Within the next two years, seven people with whom I had close relationships had encounters with suicide. Two committed suicide -- my uncle and one of my friends who lived in the dorm room next to me my freshman year in college. One had an episode in the shower where she curled up in a fetal position screaming because the walls reminded her of the institution where she had spent so many days in her high school years for suicide attempts. I personally escorted one of my very closest friends to the campus counselors' office because she had been expressing suicidal plans to me. My boyfriend called almost every day with new plans, and I had to talk him out of it constantly. Twice I had to make road trips home to physically stop him. And my friend from high school attempted four more times (luckily all with pills, and her parents got to her in time to rush her to the hospital and have her stomach pumped).
The seventh was my own first attempt. My sophomore year in college was worse than those two combined.
When a person considers dying that seriously, she also must consider a purpose to life just as seriously.
Monday, September 8, 2008, 11:28 PM
I wish my best friend lived closer... or actually, that we lived closer to her.
I wish my husband would understand.
I wish those papers were graded.
I wish I would have gone to bed two hours ago. I could have.
I wish I didn't have to get up at 4 am to get out the door at 6:10.
I wish I had more time to write and do artwork.
I wish I could take a day off tomorrow. Teachers can't do that like other people can.
I wish I could talk about religion without getting myself into trouble eventually.
I wish the dishes were done.
I wish tomorrow wouldn't come as fast as I know it will once I go to sleep.
I wish my best friend had the time to check her email more often.
I wish my best friend's husband understood how important "girl talk" is.
I wish my husband was here.
I wish my dog was here (he's with my husband).
I wish there was no such thing as wishing... because it's quite depressing to think about what would be cool to have rather than what one has to face.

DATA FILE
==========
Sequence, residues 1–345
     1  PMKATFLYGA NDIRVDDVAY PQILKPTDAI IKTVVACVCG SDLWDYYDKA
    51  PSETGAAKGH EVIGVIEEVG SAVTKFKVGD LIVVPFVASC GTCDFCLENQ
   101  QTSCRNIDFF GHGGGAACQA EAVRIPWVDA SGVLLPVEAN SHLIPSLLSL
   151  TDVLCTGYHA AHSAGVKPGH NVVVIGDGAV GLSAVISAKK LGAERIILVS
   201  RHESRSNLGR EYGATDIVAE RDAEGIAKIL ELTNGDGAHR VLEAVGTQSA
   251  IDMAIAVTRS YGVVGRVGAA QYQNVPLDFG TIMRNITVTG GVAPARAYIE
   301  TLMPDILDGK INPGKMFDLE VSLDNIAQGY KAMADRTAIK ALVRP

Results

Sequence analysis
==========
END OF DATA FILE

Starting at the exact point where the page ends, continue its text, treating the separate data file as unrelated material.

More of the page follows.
Monday, September 8, 2008, 10:34 PM
Well, this all probably takes quite a bit of explaining, really. But I figure if anyone's going to keep reading, I ought to just lay some things right out on the table.
I always feel better writing about spiritual issues in brown. Strange to some, I suppose. I think it's probably reflective of the simplicity of what I believe...but then, when I try to explain it, it never seems as simple to anyone else as it does to me.
Let me preface this by saying there will be more installments with background info, influences, questions I encountered, experiences that disturbed me and "enlightened" me, and all that fun stuff. So if that's of interest to you, just check back now and then or subscribe.
The basics of what I believe:
- I do believe there is a "higher power", as some might say. However, my version is more like a perfect spirit that exists on the same plane that our spirits exist. It is this perfect spirit that is the difference between a living organism and a lifeless object -- it is That Which Is Life, so to speak. When I hear the phrase, "God created man in His image," I take it in the sense that the human spirit is that which is the likeness of the perfect spirit. Since we are quite obviously living beings, God (for lack of a better term, but still speaking of said perfect spirit) exists within each of us. The Perfect Spirit also exists within trees and animals; it is just not as symbiotic with those spirits as it is with ours.
- I believe that since our minds are in the way, we cannot ever fully understand the nature of the spiritual plane... and therefore cannot fully understand the nature of that perfect spirit or our own spirits. I also believe that children are the closest to that perfect spirit because their minds aren't in the way as much when they are that young. (This leads to the sense of enlightenment from Buddhism, which in my version is basically as close as one can get to understanding and existing mostly on the spiritual plane.)
- I do not believe in the concept of evil; only the complete absence of good.
- As you might guess, I believe in a dual nature of humans: mind and spirit... and I believe that at most times, the two are at conflict with each other. The mind tries to control the spirit, and the spirit is trying to be free of the mind. When they are in some sense of balance (or shall we say, controlled compromise...like a balanced teeter-totter), things work at their best. When the mind takes control, the spirit is stifled and stress results. When the spirit takes complete control, other people might consider one crazy (or brilliant, depending on what one produces). When the spirit fights extremely hard and the mind fights back, one finds oneself in a state of mental crisis...and possibly mental illness.
- I believe we must nurture our spirits and our minds in order to keep that crucial balance. When we sense them fighting, we must analyze which is in control and which is getting beaten...and level the playing field.